Retail risk management : What do you need to know?
Whether you own a brick-and-mortar store or sell products online, take steps to protect your business by examining these common retail risks. Owning any type of business comes with inherent risks, and operating a retail store or an e-commerce website is no different.
Whether it’s a store visitor spraining an ankle from slipping on a wet floor, or digital thieves launching a phishing attack that targets your business or employees, retail risks can have a significant impact on your bottom line.
Fortunately, by establishing a sound risk management strategy you can avoid the risk of many threats and losses before they happen. Retailers should keep a close eye on the six major risks detailed below.
Theft of physical items
Shoplifters and other criminals remain a major headache for traditional retail store operators. One-way retailers can thwart thieves is to install physical security systems, which can include video-monitoring equipment, sensor-based product tags and labels, locked display cases for items that can be easily stolen, and alerts that sound when customers enter or leave the store.
Even seemingly outdated anti-theft methods – such as posting signs warning that shoplifters will be prosecuted – can deter some would-be thieves.
Since theft will affect many merchants at some point, a good retail risk management strategy starts with purchasing industry-specific property and inventory insurance, which covers theft, fires, and other losses.
Data breaches and digital theft
As more people shop online, e-commerce crimes are on the rise. In a 2022 report, the Federal Trade Commission found that social media scams caused losses of $770 million in 2021 – more than 18 times the losses reported in 2017. Website and app scams cost U.S. residents about $554 million that same year.
Digital criminals can target online retailers in several ways. A sophisticated phishing scam might convince unsuspecting employees or customers to hand over their credit card information. A distributed denial of service (DDoS) attack can cripple your business’s servers, preventing customers from purchasing items. Cybercriminals can also target brick-and-mortar retailers by hacking into physical point-of-sale (PoS) systems.
E-commerce businesses and traditional stores can manage retail risks and prevent data breaches by replacing outdated PoS equipment and hiring a cybersecurity specialist to audit their systems and software. Cyber liability insurance protects your retail business and covers damages in the event of a data breach.
Natural disasters and weather events can affect both physical stores and e-commerce businesses that store goods in warehouses. Not only do natural disasters damage physical structures, but they frequently cause power outages, resulting in product losses for grocery stores or other retail outlets that sell perishables.
Part of any retail risk management strategy should involve purchasing commercial property insurance and customizing it to your business’s specific needs. General retail insurance policies may also cover inventory damages.
While shoppers cannot sustain physical injuries while browsing your e-commerce website, customers who are visiting a brick-and-mortar store can become injured in a variety of ways, no matter how many signs you hang warning of wet floors or construction work.
General Liability insurance protects your retail businesses if a customer sues you for injuries they sustained on your premises. Workers’ comp insurance is required by law for businesses with employees in almost every state and protects both owners and workers who sustain injuries on the job.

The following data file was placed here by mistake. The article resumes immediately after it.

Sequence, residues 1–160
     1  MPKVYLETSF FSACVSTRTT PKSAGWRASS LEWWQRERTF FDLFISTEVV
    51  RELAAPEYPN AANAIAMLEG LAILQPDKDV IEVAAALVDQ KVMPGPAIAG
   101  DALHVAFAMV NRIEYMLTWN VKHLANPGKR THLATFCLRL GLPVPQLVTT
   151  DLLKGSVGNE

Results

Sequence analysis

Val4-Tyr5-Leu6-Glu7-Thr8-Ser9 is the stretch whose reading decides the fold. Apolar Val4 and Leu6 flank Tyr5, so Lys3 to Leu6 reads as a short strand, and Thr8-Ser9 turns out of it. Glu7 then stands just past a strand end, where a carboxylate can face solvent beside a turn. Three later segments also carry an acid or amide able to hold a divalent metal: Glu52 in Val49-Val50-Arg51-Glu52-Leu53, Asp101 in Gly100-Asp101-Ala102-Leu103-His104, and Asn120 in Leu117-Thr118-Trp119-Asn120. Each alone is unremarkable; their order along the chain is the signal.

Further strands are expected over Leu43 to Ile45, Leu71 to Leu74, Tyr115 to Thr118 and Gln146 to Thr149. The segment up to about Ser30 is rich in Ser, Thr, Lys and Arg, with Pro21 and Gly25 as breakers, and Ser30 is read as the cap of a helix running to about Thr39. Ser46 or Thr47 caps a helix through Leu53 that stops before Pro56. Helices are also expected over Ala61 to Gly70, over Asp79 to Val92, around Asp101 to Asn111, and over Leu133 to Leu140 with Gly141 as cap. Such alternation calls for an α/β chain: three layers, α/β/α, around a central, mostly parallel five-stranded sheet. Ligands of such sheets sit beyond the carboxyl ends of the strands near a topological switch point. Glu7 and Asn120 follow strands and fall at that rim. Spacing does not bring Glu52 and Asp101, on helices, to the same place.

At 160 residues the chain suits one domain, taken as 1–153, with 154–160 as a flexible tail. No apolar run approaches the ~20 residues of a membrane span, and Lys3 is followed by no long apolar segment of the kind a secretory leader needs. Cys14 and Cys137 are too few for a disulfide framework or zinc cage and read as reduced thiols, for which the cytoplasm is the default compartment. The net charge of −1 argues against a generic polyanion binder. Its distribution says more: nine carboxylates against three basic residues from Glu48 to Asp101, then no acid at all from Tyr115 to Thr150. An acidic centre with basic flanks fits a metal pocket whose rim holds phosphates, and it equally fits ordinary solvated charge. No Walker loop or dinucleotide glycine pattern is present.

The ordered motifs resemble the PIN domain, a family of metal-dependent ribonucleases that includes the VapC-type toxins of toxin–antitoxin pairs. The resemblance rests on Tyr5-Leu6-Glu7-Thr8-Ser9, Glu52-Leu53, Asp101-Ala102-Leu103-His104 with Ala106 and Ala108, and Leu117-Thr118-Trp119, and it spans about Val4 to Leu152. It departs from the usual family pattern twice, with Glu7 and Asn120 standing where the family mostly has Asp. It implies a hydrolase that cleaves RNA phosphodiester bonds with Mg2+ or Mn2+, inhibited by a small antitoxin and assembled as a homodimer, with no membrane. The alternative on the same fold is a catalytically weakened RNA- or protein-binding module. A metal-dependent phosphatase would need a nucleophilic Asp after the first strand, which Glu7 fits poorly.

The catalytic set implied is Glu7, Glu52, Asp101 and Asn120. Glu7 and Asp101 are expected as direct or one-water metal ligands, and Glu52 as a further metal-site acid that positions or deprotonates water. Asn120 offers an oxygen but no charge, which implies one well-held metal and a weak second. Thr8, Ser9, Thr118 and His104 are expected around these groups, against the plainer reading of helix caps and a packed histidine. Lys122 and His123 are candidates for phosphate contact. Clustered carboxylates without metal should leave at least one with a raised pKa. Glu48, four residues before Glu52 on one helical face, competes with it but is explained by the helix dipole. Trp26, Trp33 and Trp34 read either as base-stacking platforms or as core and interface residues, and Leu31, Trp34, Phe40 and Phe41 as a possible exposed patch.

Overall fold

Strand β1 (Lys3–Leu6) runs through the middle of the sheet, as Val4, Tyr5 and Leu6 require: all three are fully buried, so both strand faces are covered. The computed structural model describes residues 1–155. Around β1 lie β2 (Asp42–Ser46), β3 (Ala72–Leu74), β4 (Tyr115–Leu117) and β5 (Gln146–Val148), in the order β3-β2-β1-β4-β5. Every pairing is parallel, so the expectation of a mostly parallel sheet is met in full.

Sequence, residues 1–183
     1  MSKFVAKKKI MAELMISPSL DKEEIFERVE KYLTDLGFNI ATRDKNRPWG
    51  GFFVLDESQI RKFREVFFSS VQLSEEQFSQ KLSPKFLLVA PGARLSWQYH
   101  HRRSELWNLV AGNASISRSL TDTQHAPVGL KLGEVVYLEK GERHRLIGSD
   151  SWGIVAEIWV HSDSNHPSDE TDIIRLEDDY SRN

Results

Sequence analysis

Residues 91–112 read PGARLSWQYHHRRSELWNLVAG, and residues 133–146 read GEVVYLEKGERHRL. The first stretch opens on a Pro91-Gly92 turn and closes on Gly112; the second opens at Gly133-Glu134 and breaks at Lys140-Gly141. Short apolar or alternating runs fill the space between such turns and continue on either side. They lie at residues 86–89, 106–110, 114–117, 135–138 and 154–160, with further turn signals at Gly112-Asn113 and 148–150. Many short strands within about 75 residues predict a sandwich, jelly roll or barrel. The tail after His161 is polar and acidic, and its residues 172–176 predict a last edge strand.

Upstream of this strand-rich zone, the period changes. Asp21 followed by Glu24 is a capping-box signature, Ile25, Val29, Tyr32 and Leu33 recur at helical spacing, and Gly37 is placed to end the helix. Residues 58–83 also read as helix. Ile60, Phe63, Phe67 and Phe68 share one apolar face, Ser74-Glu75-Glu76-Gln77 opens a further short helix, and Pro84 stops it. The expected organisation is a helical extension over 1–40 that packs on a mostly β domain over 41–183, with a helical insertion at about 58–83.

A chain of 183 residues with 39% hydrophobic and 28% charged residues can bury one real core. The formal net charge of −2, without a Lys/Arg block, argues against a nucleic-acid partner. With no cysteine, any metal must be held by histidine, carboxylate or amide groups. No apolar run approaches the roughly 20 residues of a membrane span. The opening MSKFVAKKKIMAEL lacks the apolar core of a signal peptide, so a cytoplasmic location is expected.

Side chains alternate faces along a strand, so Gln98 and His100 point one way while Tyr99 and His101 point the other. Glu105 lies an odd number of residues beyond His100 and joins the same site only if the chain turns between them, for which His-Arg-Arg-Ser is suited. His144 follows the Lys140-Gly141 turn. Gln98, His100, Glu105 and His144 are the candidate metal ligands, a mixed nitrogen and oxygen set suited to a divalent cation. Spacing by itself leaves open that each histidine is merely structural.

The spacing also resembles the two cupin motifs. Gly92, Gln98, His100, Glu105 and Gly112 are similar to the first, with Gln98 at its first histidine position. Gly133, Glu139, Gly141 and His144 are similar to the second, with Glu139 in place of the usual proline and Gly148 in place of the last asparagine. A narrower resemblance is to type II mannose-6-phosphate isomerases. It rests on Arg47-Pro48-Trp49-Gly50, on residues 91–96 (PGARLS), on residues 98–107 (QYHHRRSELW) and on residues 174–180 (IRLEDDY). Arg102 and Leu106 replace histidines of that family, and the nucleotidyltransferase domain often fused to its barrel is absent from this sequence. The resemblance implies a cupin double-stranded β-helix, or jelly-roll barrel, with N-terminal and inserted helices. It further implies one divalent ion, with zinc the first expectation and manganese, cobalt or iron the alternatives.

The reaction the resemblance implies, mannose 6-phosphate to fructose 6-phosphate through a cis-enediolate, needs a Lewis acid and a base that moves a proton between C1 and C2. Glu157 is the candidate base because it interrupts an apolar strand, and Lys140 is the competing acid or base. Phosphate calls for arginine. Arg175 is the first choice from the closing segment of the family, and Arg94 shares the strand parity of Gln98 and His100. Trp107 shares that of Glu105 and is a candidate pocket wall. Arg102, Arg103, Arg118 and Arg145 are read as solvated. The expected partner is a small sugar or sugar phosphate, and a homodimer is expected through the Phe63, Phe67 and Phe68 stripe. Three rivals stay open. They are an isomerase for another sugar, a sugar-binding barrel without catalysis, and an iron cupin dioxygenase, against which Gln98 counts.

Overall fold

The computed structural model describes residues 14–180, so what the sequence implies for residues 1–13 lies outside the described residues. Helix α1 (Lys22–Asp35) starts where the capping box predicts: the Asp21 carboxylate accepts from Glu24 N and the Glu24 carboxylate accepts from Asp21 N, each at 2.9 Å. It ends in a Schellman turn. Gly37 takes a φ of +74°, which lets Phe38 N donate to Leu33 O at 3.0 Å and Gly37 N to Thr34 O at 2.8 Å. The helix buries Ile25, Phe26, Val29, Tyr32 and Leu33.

Failing to monitor competitors
While ignoring your competitors’ activities might not be an obvious retail risk, it could definitely cause you to lose customers and put your business’s long-term health in jeopardy.
For instance, if you own an independent community grocery store with no digital presence, check online to see whether competing businesses in your neighborhood have websites, are active on social media platforms or offer free delivery. If most of your competitors are online, you might consider hiring web designers and marketing consultants to help you shape your brand’s digital presence.
You also might research their prices and make sure that what you’re charging for similar items is competitive.
If a competitor ever sued your business for advertising injury – which includes libel, slander, copyright infringement, and intellectual property theft – your general liability insurance will help cover any legal expenses or damages.
Your shop’s overhead likely means you depend on a steady source of income. When a fire, burst pipe, or vandalism causes an unplanned closure, the loss of income can be devastating.
Business interruption insurance (included in commercial property insurance or your business owner’s policy) provides protection against forced closures related to fires and other property insurance claims.
While it may be tempting to cancel other policies during a closure, it could cause more damage in the long run. Canceling your policy leaves you open to risk at a time when your shop could be even more vulnerable to theft, vandalism, and other potential losses.
Without insurance, you could face additional headaches such as getting permits, reinstating, or defaulting on business loans or equipment loans.
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PolicySmart’s’ risk management consultants provide independent Group Benefits, Retirement and Commercial Insurance advice by reviewing your current portfolio of policies to improve coverage and reduce cost. By using our proprietary database – The CMR Database® (comprising some 13,000 brokers and specialists globally), we maximize access to the insurance and retirement industry providing greater options that will translate to better coverage and lower cost.
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